“So what’s your situation? Your deal? Your pribbity-prob? I mean, I know it. You are making yourself healthy for the world. You are eating a bagel but not eating a bagel, if you catch me, you are calorie-counting you are carb-avoiding you are bagel-frisking. You have decided to make a semi-good choice. Now look, I am no stranger to this. I am of course the one who is seen arguing, gin aloft, I get PLENTY OF EXERCISE because EVERY MORNING I WALK for TEN minutes to THE SUBWAY. The gal who she says, nah I’m not LONELY I’m just BUSY ALL THE TIME that’s not even the same thing as LONELY have you guys seen my CRYING PILLOW I mean NORMAL PILLOW, o. Ya burnt, honesty with thineself. Ya true burnt. But so I get it. You want that bagel but that bagel is deadly so you scoop that bagel, honey, you scoop it like a bridesmaid at strip-a-robics. But. Can I just ask. What’s wrong with a nice piece of toast, then, or perhaps an English muffin? A bialy, in times of great need? Is it because you feel as though you canna put cream cheese on these non-bagel items, well, can I be the one to tell you the good news, you can! You can and I have, in fact, my fave after-school snack The Middle School Years was three slices of toast, one with butter, one with peanut butter, and one with cream cheese. See also how to get a beer belly before you even have a single beer ever. But do you see? You can put whatever on whatever! THEY WILL NOT STOP YOU!”—How You Gonna Keep ‘Em Down:Y’all bagel scoopers (via heylabodega)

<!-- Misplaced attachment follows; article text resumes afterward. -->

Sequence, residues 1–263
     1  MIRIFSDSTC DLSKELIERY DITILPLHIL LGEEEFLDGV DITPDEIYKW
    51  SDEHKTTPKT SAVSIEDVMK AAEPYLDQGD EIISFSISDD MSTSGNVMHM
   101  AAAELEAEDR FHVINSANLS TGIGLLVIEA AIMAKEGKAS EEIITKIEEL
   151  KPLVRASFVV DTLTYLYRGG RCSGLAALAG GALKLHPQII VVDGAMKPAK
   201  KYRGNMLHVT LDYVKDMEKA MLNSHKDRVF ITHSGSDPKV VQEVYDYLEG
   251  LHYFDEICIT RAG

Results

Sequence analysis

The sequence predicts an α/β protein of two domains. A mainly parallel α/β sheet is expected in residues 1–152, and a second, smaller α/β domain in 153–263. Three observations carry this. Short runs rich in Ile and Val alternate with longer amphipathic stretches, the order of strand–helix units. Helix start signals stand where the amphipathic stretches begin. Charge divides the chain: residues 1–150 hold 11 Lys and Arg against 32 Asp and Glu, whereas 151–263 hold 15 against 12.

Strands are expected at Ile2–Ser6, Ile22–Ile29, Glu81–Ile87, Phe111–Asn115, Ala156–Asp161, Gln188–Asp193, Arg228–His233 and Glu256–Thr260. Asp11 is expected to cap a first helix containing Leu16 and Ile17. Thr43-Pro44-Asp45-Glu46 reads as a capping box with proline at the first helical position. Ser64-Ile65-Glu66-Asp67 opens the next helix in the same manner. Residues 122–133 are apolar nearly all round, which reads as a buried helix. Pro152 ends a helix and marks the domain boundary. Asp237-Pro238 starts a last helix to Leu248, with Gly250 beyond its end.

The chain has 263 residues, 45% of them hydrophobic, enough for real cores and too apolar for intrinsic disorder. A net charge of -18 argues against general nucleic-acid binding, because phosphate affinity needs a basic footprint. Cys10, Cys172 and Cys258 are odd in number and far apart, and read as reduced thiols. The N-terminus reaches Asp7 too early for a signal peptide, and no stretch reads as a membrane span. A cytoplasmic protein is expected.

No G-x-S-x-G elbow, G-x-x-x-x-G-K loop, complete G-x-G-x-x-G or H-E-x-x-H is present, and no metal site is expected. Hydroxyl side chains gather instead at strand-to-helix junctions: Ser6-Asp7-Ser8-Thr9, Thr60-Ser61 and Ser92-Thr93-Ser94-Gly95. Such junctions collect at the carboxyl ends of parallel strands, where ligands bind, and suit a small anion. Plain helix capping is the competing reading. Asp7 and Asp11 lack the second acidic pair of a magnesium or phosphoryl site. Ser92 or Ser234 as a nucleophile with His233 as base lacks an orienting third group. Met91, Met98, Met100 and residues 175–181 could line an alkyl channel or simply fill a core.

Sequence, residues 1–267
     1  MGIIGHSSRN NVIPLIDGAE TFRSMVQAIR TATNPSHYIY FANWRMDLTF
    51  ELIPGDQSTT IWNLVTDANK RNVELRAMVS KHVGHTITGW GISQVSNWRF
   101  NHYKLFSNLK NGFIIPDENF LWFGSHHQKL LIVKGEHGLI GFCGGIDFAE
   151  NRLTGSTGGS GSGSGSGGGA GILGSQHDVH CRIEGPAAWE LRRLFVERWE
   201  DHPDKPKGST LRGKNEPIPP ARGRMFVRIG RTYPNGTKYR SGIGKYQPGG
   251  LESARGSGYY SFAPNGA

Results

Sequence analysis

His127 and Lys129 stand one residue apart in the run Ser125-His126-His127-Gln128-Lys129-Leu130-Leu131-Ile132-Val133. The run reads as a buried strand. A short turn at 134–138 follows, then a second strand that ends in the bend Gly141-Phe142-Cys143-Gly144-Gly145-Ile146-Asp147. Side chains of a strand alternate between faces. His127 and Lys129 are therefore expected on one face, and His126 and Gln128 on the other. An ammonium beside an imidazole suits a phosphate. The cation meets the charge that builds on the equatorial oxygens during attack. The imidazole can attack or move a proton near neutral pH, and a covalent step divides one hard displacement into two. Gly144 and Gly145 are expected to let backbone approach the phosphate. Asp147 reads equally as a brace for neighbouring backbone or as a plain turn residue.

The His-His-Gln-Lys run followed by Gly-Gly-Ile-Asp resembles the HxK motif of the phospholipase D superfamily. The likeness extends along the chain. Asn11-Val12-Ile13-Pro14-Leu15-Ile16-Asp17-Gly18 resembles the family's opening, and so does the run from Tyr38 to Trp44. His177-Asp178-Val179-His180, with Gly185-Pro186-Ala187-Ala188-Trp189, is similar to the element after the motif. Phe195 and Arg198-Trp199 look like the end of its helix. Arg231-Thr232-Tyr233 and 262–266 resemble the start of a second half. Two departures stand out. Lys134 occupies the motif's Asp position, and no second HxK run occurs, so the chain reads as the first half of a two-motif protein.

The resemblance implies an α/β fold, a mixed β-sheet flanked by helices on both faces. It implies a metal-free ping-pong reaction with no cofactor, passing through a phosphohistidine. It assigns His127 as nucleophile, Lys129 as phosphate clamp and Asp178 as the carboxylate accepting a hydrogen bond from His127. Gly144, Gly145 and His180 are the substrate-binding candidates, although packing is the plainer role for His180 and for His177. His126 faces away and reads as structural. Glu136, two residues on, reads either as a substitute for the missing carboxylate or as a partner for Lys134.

I love all your rants and comments about life! :D so very interesting to read, and I know kind of what you mean about not knowing what to do as far as a career goes, I've felt the same way :)
Thanks. I think a lot of people share this struggle to make sense out of their lives. We are taught from such an early age that we can and will be anything we want to be. It can be daunting to compare what we are with what we once thought we wanted.
'But, Nelly, if I knocked him down twenty times, that wouldn't make him less handsome or me more so. I wish I had light hair and a fair skin, and was dressed and behaved as well, and had a chance of being as rich as he will be!'
I had to google this quote. It’s from Wuthering Heights. I’m not sure why someone sent it to me anonymously, but I think it’s kind of awesome that they did.
Lately I've been feeling quite down, kind of lost, can't seem to find any direction for a career, where I should move to, what I'm doing at all really. Then I saw this and it has made me feel quiet a bit better, perhaps it'll do the same for you...